Hot weather takes a toll on Georgia landscapes

By for CAES News

Drooping shrubs and brown lawns come with the territory during Georgia summers. While there’s not much that homeowners can do to perk up their plants in the short term, there are some ways to safeguard your landscape against long-term heat damage.

By the end of July, north Georgia has seen more than 30 days over 95 degrees Fahrenheit. South Georgia and middle Georgia haven’t fared much better, and there doesn’t seem to be much relief on the horizon.

That’s bad news for landscapes because plant cells start to suffer heat damage at 86 degrees. If the air temperature stays over 86 F for too long — especially if nighttime temperatures only dip into the upper 70s or low 80s — it can cause some lasting harm.

Plants vary in their ability to handle the heat, and if all of our landscapes were full of cacti, we would be in good shape. Unfortunately, three of the most popular plants in Georgia landscapes — hydrangeas, azaleas and dogwoods — are some of the first to show signs of drought and heat stress.

Signs of heat stress are fairly easy to identify.

Look around and you will see certain plants that have lost their green color and look yellowish, gray or just plain bleached out. Some leaves are showing scorched, brown areas, or they’re curling or wilting. Flowers are drying up or flowering may stop. It’s not just that these plants are dry; they’re too hot.

Wilt is the most obvious sign of extreme heat.

Plants transpire, just like we perspire, to help cool them off. Transpiration, or water evaporating from individual leaves, is the engine of the plant’s circulatory system. The vacuum created as water vapor escapes from a plant’s leaves pulls water up through the plant’s tissues, distributing nutrients. Water pressure keeps the green parts of plants firm and upright.

In the kind of heat we have been experiencing, the plants lose the water faster than they can take it up from the soil. This is especially true with herbaceous, or nonwoody, plants. Even irrigated plants will show signs of wilt.

Also, wilt isn’t always caused by a lack of water, as many people believe. In fact, too much water can show the same visual symptoms as too little water, so superirrigating to combat the stress of heat can also cause problems. Overwatering and under-watering both cause wilt.

Brother, can you spare some chlorophyll?

When it rises above 89 F, many plant functions, including photosynthesis, the process by which plants transform light energy from the sun into chemical energy, will start to shut down and plants will start lose their color. This is a sign that the plant is slowing down its production of chlorophyll, the molecule that makes plants green and enables photosynthesis. The problem will accelerate as temperature increases to 95 F.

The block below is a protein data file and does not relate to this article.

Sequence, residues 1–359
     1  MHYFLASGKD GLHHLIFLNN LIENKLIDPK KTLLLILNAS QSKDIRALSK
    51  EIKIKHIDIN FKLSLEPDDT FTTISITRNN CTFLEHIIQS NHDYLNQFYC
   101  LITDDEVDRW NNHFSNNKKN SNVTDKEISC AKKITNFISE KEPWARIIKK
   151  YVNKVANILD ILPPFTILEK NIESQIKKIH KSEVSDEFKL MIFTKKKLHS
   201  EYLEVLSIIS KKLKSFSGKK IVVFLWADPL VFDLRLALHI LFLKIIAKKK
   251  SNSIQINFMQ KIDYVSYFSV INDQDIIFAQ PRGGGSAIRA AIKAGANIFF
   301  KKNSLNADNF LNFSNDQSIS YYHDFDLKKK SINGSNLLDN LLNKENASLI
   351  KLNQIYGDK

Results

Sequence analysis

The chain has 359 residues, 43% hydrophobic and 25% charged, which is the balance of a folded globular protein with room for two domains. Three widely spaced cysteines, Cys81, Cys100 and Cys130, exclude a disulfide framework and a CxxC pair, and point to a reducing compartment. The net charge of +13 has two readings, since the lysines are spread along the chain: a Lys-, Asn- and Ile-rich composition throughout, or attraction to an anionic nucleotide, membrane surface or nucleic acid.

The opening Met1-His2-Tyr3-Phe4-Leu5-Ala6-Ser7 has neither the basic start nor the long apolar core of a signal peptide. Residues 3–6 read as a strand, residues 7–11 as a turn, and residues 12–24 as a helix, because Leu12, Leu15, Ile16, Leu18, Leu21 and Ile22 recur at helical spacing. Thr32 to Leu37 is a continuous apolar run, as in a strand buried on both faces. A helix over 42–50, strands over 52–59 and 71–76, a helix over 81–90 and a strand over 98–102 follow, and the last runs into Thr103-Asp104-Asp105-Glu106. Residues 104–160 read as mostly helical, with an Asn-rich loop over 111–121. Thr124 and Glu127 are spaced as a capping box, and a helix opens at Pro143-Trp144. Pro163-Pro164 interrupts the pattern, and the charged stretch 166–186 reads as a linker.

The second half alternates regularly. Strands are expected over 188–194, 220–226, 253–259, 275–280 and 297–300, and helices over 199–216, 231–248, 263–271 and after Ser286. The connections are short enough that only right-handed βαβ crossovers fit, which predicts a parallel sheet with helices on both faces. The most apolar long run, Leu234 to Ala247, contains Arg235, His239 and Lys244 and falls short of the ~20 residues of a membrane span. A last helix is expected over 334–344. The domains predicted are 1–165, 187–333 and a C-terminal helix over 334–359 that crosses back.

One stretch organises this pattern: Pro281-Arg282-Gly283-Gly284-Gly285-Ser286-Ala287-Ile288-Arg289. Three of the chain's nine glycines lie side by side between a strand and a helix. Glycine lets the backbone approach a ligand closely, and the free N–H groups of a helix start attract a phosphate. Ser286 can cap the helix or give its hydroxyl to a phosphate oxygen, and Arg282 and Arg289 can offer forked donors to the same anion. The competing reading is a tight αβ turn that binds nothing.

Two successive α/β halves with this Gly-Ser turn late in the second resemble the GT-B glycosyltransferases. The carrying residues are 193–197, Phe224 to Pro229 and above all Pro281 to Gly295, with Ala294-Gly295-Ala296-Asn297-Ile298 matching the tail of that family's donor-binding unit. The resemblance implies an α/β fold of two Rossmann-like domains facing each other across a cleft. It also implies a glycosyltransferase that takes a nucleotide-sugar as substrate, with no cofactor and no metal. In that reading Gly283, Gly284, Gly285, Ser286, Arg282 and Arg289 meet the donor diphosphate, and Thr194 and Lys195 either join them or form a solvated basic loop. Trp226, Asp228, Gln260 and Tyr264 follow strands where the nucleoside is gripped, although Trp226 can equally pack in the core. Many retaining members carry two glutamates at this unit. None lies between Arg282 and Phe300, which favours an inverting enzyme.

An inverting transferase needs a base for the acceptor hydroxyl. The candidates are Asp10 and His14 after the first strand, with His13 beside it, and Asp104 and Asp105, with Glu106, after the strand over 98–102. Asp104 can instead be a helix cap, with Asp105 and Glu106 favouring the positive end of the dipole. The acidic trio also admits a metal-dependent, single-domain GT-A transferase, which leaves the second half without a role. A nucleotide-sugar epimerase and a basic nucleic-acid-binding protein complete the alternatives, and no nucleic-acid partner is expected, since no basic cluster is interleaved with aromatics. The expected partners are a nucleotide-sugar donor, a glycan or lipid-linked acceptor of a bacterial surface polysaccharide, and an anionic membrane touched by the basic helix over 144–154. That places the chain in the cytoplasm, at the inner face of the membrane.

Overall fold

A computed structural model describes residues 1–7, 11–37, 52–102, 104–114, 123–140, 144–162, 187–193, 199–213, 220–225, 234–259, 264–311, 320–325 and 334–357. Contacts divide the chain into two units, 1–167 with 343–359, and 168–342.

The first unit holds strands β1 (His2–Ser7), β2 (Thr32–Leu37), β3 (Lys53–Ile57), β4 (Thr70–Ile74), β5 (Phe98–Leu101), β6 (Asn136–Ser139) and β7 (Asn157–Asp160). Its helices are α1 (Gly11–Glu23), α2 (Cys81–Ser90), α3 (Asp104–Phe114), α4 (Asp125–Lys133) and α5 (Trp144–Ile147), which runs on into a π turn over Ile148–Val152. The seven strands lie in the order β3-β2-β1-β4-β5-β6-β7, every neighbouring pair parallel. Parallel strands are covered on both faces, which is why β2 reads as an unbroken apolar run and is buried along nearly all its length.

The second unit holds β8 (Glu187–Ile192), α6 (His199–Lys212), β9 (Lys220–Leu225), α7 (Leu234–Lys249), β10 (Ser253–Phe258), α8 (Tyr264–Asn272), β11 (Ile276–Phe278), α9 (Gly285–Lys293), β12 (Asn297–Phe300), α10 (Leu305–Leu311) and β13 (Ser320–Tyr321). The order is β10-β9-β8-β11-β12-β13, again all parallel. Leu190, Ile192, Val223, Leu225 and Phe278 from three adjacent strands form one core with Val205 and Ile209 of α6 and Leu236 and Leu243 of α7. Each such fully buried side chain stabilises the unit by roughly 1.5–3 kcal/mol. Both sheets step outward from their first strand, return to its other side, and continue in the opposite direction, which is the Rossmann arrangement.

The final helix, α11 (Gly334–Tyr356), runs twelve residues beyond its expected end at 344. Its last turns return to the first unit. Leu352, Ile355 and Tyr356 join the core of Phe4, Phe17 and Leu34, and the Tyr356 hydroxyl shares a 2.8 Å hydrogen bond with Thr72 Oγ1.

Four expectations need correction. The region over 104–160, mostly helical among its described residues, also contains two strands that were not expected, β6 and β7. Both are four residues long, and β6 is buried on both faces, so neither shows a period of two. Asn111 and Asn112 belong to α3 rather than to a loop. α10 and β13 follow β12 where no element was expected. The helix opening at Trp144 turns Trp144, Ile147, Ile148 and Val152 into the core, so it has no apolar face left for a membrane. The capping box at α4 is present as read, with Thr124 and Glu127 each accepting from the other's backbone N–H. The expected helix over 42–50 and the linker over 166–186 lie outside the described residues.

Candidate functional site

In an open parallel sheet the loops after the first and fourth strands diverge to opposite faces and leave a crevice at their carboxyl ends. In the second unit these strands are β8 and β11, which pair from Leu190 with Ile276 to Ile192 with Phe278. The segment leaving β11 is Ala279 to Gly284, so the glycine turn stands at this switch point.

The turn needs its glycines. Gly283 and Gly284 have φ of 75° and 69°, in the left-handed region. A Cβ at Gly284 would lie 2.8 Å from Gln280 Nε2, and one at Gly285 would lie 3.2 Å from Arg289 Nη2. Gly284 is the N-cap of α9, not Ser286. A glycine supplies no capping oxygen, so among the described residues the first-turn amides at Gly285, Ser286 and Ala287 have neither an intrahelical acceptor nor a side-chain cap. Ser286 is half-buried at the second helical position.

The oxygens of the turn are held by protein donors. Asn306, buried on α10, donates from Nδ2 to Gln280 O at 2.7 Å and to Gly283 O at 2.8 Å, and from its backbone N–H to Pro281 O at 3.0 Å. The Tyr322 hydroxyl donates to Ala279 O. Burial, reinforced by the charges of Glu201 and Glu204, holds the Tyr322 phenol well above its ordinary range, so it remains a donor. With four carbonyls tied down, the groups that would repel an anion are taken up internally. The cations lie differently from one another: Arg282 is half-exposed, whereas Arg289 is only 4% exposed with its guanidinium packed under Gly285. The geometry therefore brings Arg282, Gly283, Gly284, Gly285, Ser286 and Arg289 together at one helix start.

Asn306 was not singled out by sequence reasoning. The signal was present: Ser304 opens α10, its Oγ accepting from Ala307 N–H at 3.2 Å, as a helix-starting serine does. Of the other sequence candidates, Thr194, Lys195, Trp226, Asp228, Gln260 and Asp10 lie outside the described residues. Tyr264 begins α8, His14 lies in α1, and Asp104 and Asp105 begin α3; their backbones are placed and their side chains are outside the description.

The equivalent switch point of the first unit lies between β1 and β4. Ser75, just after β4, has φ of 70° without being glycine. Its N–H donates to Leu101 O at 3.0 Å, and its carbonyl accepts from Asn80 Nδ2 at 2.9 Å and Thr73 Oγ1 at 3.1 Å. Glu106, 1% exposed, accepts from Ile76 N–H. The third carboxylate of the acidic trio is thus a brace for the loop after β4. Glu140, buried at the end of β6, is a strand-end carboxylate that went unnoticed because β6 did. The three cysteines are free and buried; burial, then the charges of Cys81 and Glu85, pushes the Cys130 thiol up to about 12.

There is no SPF for sunburned leaves.

Leaf scorch occurs when temperatures are too high and water is lost from leaves so fast that the internal plumbing can’t replace it. The edges and tips of leaves show scorch first, although whole leaves eventually can dry up.

Plant placement matters.

The location of your plants makes a difference. Plants next to a concrete driveways or patios that absorb and radiate heat will experience higher temperatures than what is indicated by a thermometer. I have already seen some damage to turfgrass growing not only next to driveways and curbs, but in other open, sunny areas as well. The grass has a tan or bleached look to it.

The same problem applies to your potted plants on a concrete patio. The only plants that are remotely happy are those in the shade.

So, what can you do when we are dealing with extreme heat?

Not a lot, but make sure you keep your plants watered. When you water individual trees and shrubs, don’t depend on a few minutes of sprinkler water. Watering lightly means the water won’t penetrate very far into the ground, and roots will grow only near the soil surface.

Give your plants a good soaking with a drip hose or hand water them. Water deeply to quench the thirst of the roots down within the subsoil and encourage deeper root growth. Deeper roots will help your plants better able to withstand drought conditions.

If your plants are not mulched, add some mulch to keep the plant roots cooler and to help conserve moisture. If they are already mulched, add more. Remember, gravel mulch actually increases the heat around plants, so this good time to invest in bark, leaf or pine straw mulch.

For more tips on preserving your landscape during droughts and heat waves, visit extension.uga.edu.

Sidney Mullis is the University of Georgia Cooperative Extension coordinator in Richmond County.